[img_assist|nid=665|title=|desc=|link=none|align=left|width=125|height=157]By Doug Abbott
Published by Elsevier
While the technologies of real-time embedded systems continue their rapid evolution, the Linux world develops at a similarly frenetic pace. This new edition of Doug Abbott's solid introduction to embedded Linux brings the book back to the cutting-edge. The embedded market for Linux has continued to expand - recent research indicates that Linux is fast becoming the OS of choice for embedded systems. This new edition still provides a reader-friendly overview, and the updates to it will ensure significantly bolstered coverage of the basics. Reknowned expert author Doug Abbott includes all new chapters including memory management with uClinux, the Eclipse environment, and reducing OS size. Discussion throughout is based on the newest Linux kernel and OS releases.
Kernel Modules and Device Drivers
For me, the fun part of embedded programming is seeing the computer interact with its physical environment, i.e., actually do something. In this chapter we'll use the parallel port on our target machine to provide some limited I/O capability for the thermostat program developed in the previous chapter. But first some background.
Kernel Modules Installable kernel modules offer a very useful way to extend the functionality of the basic Linux kernel and add new features without having to rebuild the kernel. A key feature is that modules may be dynamically loaded when their functionality is required and subsequently unloaded when no longer needed. Modules are particularly useful for things like device drivers and /proc files.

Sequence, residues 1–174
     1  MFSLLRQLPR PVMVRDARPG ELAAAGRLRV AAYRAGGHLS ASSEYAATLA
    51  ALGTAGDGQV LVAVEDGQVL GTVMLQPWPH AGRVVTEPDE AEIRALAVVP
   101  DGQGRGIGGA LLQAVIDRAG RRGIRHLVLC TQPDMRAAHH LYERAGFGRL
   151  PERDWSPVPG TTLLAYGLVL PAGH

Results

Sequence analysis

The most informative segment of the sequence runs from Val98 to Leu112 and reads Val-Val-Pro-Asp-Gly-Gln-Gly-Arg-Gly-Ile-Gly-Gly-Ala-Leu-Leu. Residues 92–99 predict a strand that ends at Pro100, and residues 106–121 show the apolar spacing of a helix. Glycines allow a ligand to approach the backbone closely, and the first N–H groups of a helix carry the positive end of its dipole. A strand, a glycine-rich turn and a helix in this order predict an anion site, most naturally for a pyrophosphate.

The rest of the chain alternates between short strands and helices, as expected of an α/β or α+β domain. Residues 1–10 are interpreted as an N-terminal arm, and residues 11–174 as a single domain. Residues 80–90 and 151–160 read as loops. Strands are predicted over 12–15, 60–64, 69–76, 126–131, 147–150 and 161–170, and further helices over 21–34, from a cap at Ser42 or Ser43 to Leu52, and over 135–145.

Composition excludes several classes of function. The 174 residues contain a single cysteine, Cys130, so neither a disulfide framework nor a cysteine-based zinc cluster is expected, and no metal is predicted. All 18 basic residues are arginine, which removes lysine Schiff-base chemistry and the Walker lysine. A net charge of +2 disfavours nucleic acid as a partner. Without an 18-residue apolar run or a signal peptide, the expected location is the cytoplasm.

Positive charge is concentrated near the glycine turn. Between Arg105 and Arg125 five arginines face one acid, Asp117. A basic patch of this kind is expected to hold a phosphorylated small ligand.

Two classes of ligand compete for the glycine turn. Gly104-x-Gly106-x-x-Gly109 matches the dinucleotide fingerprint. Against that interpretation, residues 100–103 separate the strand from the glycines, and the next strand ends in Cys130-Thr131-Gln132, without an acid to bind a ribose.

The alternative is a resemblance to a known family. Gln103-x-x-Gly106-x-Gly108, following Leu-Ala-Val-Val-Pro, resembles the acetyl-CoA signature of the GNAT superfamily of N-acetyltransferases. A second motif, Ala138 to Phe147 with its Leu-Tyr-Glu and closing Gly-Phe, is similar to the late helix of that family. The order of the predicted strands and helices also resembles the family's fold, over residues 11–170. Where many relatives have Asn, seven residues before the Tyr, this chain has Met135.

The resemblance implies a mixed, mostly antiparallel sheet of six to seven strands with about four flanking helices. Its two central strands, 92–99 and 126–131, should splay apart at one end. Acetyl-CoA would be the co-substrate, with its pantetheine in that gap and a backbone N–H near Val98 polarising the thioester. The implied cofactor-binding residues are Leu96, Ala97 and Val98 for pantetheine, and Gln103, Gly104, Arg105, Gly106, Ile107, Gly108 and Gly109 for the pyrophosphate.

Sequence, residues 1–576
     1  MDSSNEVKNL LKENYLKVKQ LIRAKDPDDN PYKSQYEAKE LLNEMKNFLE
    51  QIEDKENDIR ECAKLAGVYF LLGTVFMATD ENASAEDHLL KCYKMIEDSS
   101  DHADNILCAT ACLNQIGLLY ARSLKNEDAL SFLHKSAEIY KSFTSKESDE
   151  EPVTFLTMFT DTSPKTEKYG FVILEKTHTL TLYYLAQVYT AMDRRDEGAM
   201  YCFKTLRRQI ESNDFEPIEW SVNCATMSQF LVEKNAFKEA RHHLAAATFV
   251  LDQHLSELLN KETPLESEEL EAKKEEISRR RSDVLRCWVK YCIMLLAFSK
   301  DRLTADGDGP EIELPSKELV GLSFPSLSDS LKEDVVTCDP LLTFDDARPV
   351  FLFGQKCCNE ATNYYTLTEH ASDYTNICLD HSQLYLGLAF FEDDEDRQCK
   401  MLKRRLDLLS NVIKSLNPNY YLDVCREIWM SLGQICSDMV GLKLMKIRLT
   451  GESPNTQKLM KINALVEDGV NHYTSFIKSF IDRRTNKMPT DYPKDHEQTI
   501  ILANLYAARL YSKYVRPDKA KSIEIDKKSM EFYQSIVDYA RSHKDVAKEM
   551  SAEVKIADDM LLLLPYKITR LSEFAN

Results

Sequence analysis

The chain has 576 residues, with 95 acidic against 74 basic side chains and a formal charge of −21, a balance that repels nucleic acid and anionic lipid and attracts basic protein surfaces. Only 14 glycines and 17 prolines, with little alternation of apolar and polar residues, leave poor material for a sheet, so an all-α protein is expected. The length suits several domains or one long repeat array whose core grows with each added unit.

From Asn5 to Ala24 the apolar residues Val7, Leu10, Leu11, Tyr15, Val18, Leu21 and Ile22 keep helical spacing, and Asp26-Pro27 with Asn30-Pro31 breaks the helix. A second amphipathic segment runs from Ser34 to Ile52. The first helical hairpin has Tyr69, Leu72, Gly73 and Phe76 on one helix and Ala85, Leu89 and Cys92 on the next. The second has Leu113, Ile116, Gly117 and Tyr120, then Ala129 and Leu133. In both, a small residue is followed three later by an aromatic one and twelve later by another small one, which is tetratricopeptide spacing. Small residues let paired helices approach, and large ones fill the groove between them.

Given the range and diversity of hardware that Linux supports, it would be impractical to build a kernel image that included all of the possible device drivers. Instead the kernel includes only drivers for boot devices and other common hardware such as serial and parallel ports, IDE and SCSI drives, and so on. Other devices are supported as loadable modules and only the modules needed in a given system are actually loaded.
Loadable modules are unlikely to be used in a production embedded environment because we know in advance exactly what hardware the system must support and so we simply build that support into the kernel image. Nevertheless, modules are still useful when testing a new driver. You don't need to build a new kernel image every time you find and fix a problem in your driver code. Just load it as a module and try it.
Keep in mind that modules execute in Kernel Space at Privilege Level 0 and thus are capable of bringing down the entire system.